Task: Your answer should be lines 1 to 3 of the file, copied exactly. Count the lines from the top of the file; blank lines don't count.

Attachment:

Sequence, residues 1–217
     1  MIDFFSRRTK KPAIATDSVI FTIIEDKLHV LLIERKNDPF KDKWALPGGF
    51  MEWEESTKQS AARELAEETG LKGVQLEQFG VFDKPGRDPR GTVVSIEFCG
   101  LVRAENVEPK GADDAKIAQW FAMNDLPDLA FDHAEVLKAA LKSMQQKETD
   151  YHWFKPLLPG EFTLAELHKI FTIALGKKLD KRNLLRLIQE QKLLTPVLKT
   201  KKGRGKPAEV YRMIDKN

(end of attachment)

Sequence, residues 1–217
     1  MIDFFSRRTK KPAIATDSVI FTIIEDKLHV LLIERKNDPF KDKWALPGGF
    51  MEWEESTKQS AARELAEETG LKGVQLEQFG VFDKPGRDPR GTVVSIEFCG